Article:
Moody's downgrades Hawaii ratings ahead of bond sale
The drop in tourism amid the coronavirus pandemic has resulted in a downgrade of Hawaii's ratings by Moody’s Investors Service affecting $9 billion in outstanding debt ahead of the state’s planned bond sale Wednesday.
The state’s general obligation bonds were downgraded to Aa2 from Aa1 ahead of its plans to issue $900 million in taxable GOs. The outlook was revised from negative to stable.
The downgrade “reflects the impact of the coronavirus pandemic on the state and its important tourism industry,” Moody’s analysts wrote. “The state is experiencing a severe decline in the state's tax revenues as a result of the rapid downturn in visitor arrivals, resulting in a multi-year fiscal imbalance and the need for significant spending adjustments.”
The state projects it will have a half billion dollar deficit in 2025. It plans to access $350 million of the $403.9 million emergency and budget reserve fund for fiscal year 2021 and has an additional $191.3 million in the Hawaii Hurricane Relief Fund it can tap, according to an online road show.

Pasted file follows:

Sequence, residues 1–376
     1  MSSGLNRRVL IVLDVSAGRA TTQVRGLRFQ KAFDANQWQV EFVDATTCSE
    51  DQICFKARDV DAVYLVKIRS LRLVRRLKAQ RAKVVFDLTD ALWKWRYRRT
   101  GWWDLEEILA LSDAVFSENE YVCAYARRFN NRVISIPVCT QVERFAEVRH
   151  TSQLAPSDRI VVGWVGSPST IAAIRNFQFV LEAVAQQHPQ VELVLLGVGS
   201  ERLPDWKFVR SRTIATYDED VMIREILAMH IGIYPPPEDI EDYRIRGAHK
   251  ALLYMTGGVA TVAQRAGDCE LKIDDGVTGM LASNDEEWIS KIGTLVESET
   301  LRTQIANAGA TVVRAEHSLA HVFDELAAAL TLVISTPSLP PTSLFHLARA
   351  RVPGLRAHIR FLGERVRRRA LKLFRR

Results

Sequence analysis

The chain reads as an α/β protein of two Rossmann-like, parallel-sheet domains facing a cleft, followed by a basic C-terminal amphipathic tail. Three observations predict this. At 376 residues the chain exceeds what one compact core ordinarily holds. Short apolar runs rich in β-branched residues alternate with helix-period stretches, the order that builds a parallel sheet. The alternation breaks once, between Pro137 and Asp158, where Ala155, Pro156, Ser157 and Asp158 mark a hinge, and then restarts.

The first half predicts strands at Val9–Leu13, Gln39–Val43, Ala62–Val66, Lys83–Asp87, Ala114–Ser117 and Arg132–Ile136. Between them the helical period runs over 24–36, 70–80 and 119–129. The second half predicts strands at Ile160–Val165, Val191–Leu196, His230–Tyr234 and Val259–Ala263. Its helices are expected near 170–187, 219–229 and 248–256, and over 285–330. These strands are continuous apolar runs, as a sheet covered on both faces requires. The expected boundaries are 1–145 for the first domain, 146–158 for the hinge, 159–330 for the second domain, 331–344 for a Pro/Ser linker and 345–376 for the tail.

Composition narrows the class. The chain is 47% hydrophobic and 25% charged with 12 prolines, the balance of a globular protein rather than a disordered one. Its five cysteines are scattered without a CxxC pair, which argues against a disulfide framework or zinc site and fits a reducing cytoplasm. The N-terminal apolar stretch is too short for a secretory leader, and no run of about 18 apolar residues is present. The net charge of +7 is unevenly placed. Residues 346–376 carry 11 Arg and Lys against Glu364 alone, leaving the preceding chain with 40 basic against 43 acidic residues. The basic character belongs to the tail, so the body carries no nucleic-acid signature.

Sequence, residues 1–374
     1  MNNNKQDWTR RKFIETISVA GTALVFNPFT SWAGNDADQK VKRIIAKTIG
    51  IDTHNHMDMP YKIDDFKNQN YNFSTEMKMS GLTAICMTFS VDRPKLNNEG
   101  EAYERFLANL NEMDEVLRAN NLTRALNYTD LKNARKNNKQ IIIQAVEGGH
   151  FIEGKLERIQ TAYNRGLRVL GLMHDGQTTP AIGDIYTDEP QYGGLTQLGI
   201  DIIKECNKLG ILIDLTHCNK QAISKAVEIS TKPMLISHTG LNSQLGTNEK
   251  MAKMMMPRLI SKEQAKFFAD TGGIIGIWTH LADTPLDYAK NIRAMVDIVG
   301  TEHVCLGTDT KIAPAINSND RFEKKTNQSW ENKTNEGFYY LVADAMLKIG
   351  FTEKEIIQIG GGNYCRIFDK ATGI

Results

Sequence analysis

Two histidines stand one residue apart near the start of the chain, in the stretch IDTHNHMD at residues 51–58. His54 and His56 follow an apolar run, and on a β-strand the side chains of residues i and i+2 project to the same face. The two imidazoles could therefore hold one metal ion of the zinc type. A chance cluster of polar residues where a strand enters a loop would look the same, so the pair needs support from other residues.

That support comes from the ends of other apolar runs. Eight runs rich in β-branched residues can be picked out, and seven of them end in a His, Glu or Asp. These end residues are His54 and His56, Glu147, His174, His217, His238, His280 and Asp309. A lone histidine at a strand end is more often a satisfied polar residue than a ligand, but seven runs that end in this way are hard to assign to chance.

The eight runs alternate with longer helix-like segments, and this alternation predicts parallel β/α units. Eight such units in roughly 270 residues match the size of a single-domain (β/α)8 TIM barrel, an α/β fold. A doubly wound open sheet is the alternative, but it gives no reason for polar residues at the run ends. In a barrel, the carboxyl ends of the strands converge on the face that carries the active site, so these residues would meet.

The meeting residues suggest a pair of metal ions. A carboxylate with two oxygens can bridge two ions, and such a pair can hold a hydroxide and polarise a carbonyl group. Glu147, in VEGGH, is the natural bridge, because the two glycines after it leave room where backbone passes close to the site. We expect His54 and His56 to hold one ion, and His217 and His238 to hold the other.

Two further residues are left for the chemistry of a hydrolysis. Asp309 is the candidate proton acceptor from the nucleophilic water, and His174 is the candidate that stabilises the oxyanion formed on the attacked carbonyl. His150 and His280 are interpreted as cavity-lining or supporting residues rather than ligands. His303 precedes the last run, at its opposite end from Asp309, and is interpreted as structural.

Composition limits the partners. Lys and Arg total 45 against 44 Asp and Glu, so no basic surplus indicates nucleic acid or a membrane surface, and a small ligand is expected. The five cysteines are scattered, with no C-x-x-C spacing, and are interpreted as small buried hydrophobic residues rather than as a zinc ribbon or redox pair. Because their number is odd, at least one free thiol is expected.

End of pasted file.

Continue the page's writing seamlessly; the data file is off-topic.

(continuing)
"We definitely have a budget crisis that we need to work through," Hawaii Gov. David Ige said during a press conference Monday. "We are monitoring and advocating for additional support from the federal government. Significant federal support will be needed in order to avoid layoffs or pay reductions for public employees."
The state’s unemployment rate in June was 13.9%.
Moody’s also downgraded the state’s highway revenue bonds to Aa2 from Aa1, the Department of Hawaiian Homelands’ 2017 Series certificates of participation to Aa3 from Aa2 and the Department of Hawaiian Homelands’ Series 2017 revenue bonds to A1 from Aa3.'=
S&P Global Ratings and Fitch Ratings both assigned AA-plus ratings with negative outlooks.
BofA Securities is bookrunner on the bonds set to price Wednesday. PFM is municipal advisor. Hawkins Delafield & Wood LLP is bond counsel.
The bonds will fund various state public improvement projects.